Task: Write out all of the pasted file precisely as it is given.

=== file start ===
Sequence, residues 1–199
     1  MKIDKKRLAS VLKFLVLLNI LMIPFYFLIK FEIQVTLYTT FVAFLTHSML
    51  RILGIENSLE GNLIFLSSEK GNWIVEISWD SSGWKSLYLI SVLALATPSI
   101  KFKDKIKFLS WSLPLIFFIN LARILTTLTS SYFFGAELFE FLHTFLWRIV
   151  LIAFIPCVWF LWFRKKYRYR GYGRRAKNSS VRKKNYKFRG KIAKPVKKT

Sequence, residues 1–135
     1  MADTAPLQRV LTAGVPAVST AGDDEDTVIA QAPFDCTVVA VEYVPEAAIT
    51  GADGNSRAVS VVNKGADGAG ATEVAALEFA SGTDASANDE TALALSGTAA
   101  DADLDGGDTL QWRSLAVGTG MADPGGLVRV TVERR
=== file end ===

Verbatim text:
Sequence, residues 1–199
     1  MKIDKKRLAS VLKFLVLLNI LMIPFYFLIK FEIQVTLYTT FVAFLTHSML
    51  RILGIENSLE GNLIFLSSEK GNWIVEISWD SSGWKSLYLI SVLALATPSI
   101  KFKDKIKFLS WSLPLIFFIN LARILTTLTS SYFFGAELFE FLHTFLWRIV
   151  LIAFIPCVWF LWFRKKYRYR GYGRRAKNSS VRKKNYKFRG KIAKPVKKT

Sequence, residues 1–135
     1  MADTAPLQRV LTAGVPAVST AGDDEDTVIA QAPFDCTVVA VEYVPEAAIT
    51  GADGNSRAVS VVNKGADGAG ATEVAALEFA SGTDASANDE TALALSGTAA
   101  DADLDGGDTL QWRSLAVGTG MADPGGLVRV TVERR